Current guidelines stipulate that artemisinin should be given in combination with other antimalarials to protect as much as possible against the development of drug resistance. However, this advice is being undermined by the lack of access to artemisinin combination therapies, their cost, and the prevalence of poor quality and counterfeit drugs in many parts of the world. One recent study from South East Asia found that 195 antimalarial drug samples out of 391 were fake.
‘This situation is the best way to ensure the malaria parasite rapidly develops resistance to our best treatments,’ says Dr Guerin. ‘We must do better. Poor quality or fake drugs expose the malaria parasite to smaller amounts of the drug which gives the parasite the opportunity to evolve ways to evade the drug.’
For more information please contact Philippe Guerin, Director of WWARN at the Centre for Tropical Medicine, University of Oxford, on +44 (0)7826 651882 or email@example.com
Or the Press Office, University of Oxford on +44 (0)1865 280530 or firstname.lastname@example.org.
Notes to Editors
* WWARN will focus on four areas critical to the control and elimination of malaria:
- Establishing reliable information on antimalarial drug effectiveness around the world;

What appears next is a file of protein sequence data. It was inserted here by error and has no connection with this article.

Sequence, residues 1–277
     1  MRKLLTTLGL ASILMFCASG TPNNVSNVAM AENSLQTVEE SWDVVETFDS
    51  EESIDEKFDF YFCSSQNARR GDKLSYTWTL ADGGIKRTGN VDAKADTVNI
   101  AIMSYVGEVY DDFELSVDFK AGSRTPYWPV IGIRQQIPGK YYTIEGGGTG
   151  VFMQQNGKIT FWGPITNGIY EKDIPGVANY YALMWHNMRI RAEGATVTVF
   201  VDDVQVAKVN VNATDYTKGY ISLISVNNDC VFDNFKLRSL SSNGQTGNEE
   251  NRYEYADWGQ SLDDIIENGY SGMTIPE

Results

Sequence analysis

- Rapidly identifying new areas of drug resistance
- Bringing together pharmacological data on drugs with molecular and in vitro information on resistance to optimise combination therapies; and
- Mapping global trends in antimalarial resistance.
* The overall WWARN initiative will be led by director Philippe Guerin of the University of Oxford and research director Prof Carol Sibley of the University of Washington in Seattle. Oxford University will provide the necessary IT infrastructure and software for sharing datasets on this scale. Menzies School of Health Research in Darwin, Australia, and the University of Oxford will lead the clinical efficacy module. The Center for Vaccine Development at the University of Maryland School of Medicine will lead the molecular markers module. The Centre National de Reference du Paludisme at the Institut de Médecin et d'Epidémiologie Appliquée (IMEA) in Paris, France, will lead the in vitro module. The University of Cape Town, South Africa, together with Mahidol University, Thailand, will lead the pharmacology module. Regional sites will be established in East Africa, West Africa, Asia and Latin America to coordinate with scientists and public health groups involved in the collection of data.
* Oxford University’s Medical Sciences Division is one of the largest biomedical research centres in Europe. It represents almost one-third of Oxford University’s income and expenditure, and two-thirds of its external research income. Oxford’s world-renowned global health programme is a leader in the fight against infectious diseases (such as malaria, HIV/AIDS, tuberculosis and avian flu) and other prevalent diseases (such as cancer, stroke, heart disease and diabetes). Key to its success is a long-standing network of dedicated Wellcome Trust-funded research units in Asia (Thailand, Laos and Vietnam) and Kenya, and work at the MRC Unit in The Gambia. Long-term studies of patients around the world are supported by basic science at Oxford and have led to many exciting developments, including potential vaccines for tuberculosis, malaria and HIV, which are in clinical trials.